The type of personal health record (PHR) that is standalone and not connected to a particular system or electronic health record (EHR) is —untethered–(information may be carried on a smart card, flash card, CD, or DVD. these pose more security risks than tethered PHRs and require more input from the individual to maintain accurate records. )
Tethered: data tied to a particular system and EHR and often web-based. A secure patient portal is provided so the individual can access all or parts of the records.
Networked: data derived from multiple sources in a network rather than one system. this allows for more flexibility
Paper/ personal files: patient-maintained paper records. Families keep paper files or a notebook listing medications, family health histories, and handwritten notes from doctor visits.
The abbreviation RDBMS refers to –relational database management system
- RDBMS is a system that uses a relational model to manage data.
- the relational model was developed by Codd and utilizes a table structure with each item within the table having a distinct identifier. a relational database is organized in meaningful tables, which minimizes the repetition of data, which in turn minimizes errors and storage space
- The tables comprise unique rows (records) and columns (fields).
- the tables which comprise the relationship can be manipulated and mined to create new tables from the data that are present.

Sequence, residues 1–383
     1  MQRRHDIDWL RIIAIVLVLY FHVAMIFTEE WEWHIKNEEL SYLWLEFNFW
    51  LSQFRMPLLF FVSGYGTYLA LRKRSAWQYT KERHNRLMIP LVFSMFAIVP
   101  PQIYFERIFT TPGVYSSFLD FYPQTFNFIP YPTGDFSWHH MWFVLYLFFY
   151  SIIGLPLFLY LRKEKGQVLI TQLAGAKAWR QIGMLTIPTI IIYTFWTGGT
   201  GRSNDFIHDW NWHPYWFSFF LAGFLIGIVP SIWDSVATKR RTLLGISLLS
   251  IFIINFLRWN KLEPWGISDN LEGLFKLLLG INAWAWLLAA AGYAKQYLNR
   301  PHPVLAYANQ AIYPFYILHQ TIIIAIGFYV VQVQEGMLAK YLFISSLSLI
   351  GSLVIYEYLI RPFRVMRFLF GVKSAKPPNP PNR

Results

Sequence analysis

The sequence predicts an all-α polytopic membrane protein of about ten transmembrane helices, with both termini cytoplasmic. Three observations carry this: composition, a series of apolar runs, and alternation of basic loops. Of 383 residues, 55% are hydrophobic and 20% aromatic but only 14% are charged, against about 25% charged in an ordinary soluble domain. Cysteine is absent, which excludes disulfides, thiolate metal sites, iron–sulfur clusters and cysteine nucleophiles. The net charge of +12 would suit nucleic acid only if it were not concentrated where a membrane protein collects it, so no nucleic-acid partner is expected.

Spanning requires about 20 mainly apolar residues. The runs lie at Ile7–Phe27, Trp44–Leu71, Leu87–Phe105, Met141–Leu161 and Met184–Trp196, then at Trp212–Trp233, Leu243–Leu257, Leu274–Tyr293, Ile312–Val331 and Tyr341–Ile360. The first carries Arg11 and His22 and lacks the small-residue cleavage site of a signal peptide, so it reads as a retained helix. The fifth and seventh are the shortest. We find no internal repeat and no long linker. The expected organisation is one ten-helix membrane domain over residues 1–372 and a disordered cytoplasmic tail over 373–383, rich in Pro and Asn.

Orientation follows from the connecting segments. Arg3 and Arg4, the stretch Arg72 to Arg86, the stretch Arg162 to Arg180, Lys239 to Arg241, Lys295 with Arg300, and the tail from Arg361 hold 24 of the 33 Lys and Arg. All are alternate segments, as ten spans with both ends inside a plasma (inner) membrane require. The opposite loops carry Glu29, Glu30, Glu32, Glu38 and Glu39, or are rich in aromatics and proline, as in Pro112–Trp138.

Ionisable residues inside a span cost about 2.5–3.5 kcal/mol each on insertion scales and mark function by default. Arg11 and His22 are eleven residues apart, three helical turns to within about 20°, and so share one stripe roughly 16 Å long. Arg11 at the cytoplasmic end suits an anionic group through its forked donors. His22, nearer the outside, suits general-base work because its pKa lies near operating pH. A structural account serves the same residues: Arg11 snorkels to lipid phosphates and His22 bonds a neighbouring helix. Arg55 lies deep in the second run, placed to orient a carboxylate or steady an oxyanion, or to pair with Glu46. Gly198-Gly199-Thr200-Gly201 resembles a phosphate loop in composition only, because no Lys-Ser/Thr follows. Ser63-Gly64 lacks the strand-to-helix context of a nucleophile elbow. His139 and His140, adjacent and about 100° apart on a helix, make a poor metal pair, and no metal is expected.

(retrieved from Systems Analysis and Design, 9th ed. )
The type of data that includes pharmacy transactions, required reports, financial information, and demographic information is —aggregate— (most things not included in the clinical record, such as pharmacy transactions, required reports, demographic information, financial information, hazard and safety practices)
Medical/clinical: patient -specific information regarding the patient, diagnosis, treatment, lab findings, consultations, care plans, physician orders, and information related to informed consent and advance directives. The medical record should included records of all procedures, discharge summary, and emergency care records.
The primary purpose of the Nationwide Health Information Network (NwHIN) is to —ensure secure Internet exchange of information through standards, policies, and services.
- NwHIN is funded by the office of the National Coordinator for Health Information Technology (ONC)
- The primary goal is to assist healthcare providers to move from a system of paper medical records to a secure electronic health record that can be easily accessed by various healthcare providers and utilized to evaluate the quality of care.
The most commonly used structured query language (SQL) operation is –query–
Which of the following is technique that can be used for data reduction —clustering—